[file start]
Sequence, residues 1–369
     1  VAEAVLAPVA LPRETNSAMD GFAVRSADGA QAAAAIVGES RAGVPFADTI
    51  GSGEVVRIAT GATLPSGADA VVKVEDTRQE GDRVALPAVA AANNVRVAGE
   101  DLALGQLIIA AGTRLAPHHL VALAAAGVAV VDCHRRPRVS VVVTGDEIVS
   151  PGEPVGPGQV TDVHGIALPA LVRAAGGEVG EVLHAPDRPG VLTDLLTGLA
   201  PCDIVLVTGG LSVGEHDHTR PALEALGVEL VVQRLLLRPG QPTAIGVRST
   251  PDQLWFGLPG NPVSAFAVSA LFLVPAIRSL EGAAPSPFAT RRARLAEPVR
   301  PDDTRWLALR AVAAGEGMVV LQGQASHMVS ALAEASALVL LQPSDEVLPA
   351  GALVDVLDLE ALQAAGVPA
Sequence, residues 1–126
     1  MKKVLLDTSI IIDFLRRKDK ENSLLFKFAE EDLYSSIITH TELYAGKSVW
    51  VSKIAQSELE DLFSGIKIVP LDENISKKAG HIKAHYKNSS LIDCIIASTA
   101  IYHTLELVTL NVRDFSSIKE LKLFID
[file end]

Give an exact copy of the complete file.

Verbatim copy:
Sequence, residues 1–369
     1  VAEAVLAPVA LPRETNSAMD GFAVRSADGA QAAAAIVGES RAGVPFADTI
    51  GSGEVVRIAT GATLPSGADA VVKVEDTRQE GDRVALPAVA AANNVRVAGE
   101  DLALGQLIIA AGTRLAPHHL VALAAAGVAV VDCHRRPRVS VVVTGDEIVS
   151  PGEPVGPGQV TDVHGIALPA LVRAAGGEVG EVLHAPDRPG VLTDLLTGLA
   201  PCDIVLVTGG LSVGEHDHTR PALEALGVEL VVQRLLLRPG QPTAIGVRST
   251  PDQLWFGLPG NPVSAFAVSA LFLVPAIRSL EGAAPSPFAT RRARLAEPVR
   301  PDDTRWLALR AVAAGEGMVV LQGQASHMVS ALAEASALVL LQPSDEVLPA
   351  GALVDVLDLE ALQAAGVPA
Sequence, residues 1–126
     1  MKKVLLDTSI IIDFLRRKDK ENSLLFKFAE EDLYSSIITH TELYAGKSVW
    51  VSKIAQSELE DLFSGIKIVP LDENISKKAG HIKAHYKNSS LIDCIIASTA
   101  IYHTLELVTL NVRDFSSIKE LKLFID